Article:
|By Benjamin Spillman, Las Vegas
Review-JournalMcClatchy-Tribune Regional News
Oct. 18, 2008 - Cracks are beginning to show in the multibillion-dollar Las Vegas convention industry, which had managed to deliver increased attendance in five of the first eight months this year despite the growing downturn.
Trade show and convention attendance tumbled 22.3 percent in August and year-to-date attendance for 2008 is down 3.4 percent, according to the latest figures from the Las Vegas Convention and Visitors Authority.
The economic impact of conventions -- which reaches about $8 billion annually in Las Vegas -- is down 7.3 percent through August, a number that reflects how convention-related spending ripples through the local economy.
Properties with a heavy dose of convention business are being forced to adjust to the sudden arrival of hard times.
Richard Harper, vice president of sales and marketing for Mandalay Bay, says bookings are coming on shorter notice. That's leaving properties with less notice to fill rooms left vacant by no-shows.
"The sooner people book their rooms, the better life would be for all of us," Harper said. "It is the wait-and-see factor that is making things difficult for us."
Lower attendance levels mean convention venues are seeking ever-smaller events to fill leftover hotel inventory, Harper said.
"Even if it is 30 rooms at a time, we are happy to accommodate that," he said.
The authority, which owns and operates the Las Vegas Convention Center, has already enacted a hiring freeze and is keeping open positions vacant in response to a decline in room tax revenue.
Authority officials sensed the downturn as long ago as May. That's when the authority's vice president of finance, Brenda Siddall, told the board of directors she was lowering projected revenues 3.5 percent.
About 80 percent of the authority's revenue comes from room taxes and 16 percent is from the convention center.
At the most recent authority meeting this month, Siddall suggested more budget revisions are on the way.
Through August, the authority reported 15,344 conventions with a combined attendance of 4.5 million and an economic impact of $5.97 billion. The figures represent declines of 2.3 percent, 3.4 percent and 7.3 percent, respectively, from the 2007 pace.
But spokesman Vince Alberta says layoffs aren't yet in the cards, despite the hard times.
"We have had no layoffs, nor are any planned," Alberta said.
Representatives of the Service Employees International Union and Culinary Local 226, which combined represent hundreds of convention center workers, say they haven't heard of job losses at the venue.
The situation in Reno is direr. In late September, the Reno-Sparks Convention and Visitors Authority laid off 16 people. Officials there attributed the job cuts to a downturn in tourism and convention business that prompted them to trim $4 million from a $46 million annual budget, compared with a budget of nearly $220 million for the Las Vegas authority.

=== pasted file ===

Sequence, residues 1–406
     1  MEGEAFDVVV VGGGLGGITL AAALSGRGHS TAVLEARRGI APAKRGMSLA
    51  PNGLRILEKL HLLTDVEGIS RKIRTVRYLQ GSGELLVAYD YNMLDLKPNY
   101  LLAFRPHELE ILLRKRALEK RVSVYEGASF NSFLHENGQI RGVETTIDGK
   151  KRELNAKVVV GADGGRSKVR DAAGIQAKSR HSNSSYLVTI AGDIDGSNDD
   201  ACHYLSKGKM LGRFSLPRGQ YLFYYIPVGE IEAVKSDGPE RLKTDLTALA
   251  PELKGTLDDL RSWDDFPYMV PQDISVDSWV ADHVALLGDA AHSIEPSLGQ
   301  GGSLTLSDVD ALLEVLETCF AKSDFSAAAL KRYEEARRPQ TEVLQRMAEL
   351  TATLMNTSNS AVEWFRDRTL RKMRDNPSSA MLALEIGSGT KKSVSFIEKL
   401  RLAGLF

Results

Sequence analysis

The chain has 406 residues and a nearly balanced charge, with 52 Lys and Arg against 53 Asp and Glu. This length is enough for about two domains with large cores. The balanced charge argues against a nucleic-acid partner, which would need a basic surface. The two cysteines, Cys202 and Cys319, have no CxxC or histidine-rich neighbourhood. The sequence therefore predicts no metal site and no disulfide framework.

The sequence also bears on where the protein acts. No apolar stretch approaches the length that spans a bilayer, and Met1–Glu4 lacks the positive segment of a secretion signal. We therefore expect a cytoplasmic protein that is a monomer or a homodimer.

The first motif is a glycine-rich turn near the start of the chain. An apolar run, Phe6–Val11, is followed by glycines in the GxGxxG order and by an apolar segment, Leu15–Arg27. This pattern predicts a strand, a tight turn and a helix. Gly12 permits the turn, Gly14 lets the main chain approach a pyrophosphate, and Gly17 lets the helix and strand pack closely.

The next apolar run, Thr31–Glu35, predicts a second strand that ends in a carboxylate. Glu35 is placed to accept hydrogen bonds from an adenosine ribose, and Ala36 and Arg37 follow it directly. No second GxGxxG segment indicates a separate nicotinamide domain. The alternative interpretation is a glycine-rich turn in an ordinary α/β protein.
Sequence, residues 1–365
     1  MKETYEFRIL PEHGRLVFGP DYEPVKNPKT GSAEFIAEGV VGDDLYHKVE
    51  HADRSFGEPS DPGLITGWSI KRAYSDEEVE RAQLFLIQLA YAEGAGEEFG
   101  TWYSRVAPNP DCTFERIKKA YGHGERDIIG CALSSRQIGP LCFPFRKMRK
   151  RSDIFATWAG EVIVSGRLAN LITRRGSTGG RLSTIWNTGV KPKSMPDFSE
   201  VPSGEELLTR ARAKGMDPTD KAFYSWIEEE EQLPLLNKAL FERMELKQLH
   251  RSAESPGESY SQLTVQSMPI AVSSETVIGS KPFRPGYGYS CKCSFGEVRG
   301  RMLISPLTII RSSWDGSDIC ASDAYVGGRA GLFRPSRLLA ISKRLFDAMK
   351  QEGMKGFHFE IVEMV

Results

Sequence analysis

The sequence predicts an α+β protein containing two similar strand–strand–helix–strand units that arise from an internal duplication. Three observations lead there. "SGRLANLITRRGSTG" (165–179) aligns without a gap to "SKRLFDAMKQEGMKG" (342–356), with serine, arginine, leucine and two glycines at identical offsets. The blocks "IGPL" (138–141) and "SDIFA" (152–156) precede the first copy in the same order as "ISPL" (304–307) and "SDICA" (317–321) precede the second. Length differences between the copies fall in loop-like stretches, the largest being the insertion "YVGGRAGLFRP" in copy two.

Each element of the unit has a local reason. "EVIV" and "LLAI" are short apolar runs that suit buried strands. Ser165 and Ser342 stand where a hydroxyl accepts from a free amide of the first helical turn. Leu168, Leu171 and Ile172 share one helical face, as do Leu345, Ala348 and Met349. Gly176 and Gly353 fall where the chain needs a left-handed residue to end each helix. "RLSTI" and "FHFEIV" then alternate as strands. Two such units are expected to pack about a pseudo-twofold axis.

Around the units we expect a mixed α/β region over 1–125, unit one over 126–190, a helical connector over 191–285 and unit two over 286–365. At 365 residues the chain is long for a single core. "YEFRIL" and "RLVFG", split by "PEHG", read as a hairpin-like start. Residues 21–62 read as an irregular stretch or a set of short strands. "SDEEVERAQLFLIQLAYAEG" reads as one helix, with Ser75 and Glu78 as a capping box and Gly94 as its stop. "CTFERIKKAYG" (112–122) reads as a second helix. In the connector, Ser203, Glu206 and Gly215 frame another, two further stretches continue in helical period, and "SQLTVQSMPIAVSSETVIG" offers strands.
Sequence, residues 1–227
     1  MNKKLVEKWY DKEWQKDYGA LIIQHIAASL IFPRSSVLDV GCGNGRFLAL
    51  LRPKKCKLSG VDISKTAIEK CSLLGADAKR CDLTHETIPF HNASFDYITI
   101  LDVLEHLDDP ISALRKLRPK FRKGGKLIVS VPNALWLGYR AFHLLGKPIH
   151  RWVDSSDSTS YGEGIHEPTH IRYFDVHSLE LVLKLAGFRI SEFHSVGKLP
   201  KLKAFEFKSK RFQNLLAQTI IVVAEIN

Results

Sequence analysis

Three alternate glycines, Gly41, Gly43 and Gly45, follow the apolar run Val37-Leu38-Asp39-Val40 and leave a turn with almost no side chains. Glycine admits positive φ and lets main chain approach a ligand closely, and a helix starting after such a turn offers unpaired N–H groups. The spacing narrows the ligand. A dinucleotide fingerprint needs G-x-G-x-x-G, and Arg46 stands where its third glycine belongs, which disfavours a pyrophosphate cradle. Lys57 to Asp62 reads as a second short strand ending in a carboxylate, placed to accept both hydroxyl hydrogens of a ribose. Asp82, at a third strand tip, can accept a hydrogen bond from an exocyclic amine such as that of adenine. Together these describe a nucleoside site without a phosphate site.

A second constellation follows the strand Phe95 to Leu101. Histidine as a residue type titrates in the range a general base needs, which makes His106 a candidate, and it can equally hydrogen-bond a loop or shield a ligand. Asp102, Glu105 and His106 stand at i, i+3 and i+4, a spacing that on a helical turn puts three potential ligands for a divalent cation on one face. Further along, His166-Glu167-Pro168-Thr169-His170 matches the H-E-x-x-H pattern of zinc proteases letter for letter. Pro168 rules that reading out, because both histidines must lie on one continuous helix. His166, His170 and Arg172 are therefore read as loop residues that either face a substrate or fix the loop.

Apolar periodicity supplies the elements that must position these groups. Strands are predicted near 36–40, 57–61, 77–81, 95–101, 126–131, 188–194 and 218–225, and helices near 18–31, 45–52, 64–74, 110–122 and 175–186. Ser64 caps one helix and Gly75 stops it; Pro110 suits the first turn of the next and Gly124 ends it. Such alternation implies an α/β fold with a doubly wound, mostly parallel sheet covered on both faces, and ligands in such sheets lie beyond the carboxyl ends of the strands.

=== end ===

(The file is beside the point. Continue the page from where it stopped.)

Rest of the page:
Hard times aren't confined to Reno, though.
In April, company officials at GES Exposition Services, a leading convention and trade show contractor, announced plans to reduce its Las Vegas work force.
At the time they didn't say how many jobs they would cut from the company's roster of 750 Las Vegas employees but told investors during a conference call the savings would amount to $1 million to $10 million in savings that would show up on the bottom line in the third quarter.
Company officials wouldn't comment Friday on whether they went through with the plan, but did say there could be more information available next week during a conference call on third-quarter earnings.
Steve Hagstette, regional vice president for Nevada for Freeman, another leading trade show contractor, said the downturn is beginning to show up on balance sheets and in lower demand for temporary workers.
"I can tell you right now we are behind budget by several million dollars as far as revenue," Hagstette said. "I can't say when it will affect the full-time staff. That depends on whether we keep falling off on the revenue figure."
The first workers to feel the pinch of a downturn are temporary workers such as carpenters, electricians and forklift operators who set up and break down shows.
At Freeman, the work force may range from 150 people or fewer to 650 to 1,000 people combined at the company's warehouse and out on show sites, Hagstette said.
The company's full-time Las Vegas staff numbers about 300, he said.
And, in the long term, Freeman remains bullish on Las Vegas conventions. It is set to begin construction on a 412,000-square-foot warehouse at West Sunset Road and South Rainbow Boulevard.
"Vegas is still the convention city for the country," Hagstette said. "(Other cities) would love to have close to what we have here."
When exhibitors cut back it isn't just construction and setup workers who are affected.
There are few, if any, cities with as many banquet servers, bartenders or busboys who make a living as "extra board."
That's a job classification for people who don't work for a particular organization, choosing instead to hop from one event to another, depending on where work is needed.
During high times, life as an extra board worker can be hectic and lucrative. But such careers are also very sensitive to the impact of recession.
"Las Vegas is unique as a place where you can do that as a full-time job," said Gordon Absher, a spokesman for MGM Mirage. "Those are the folks who are going to see the impact first."
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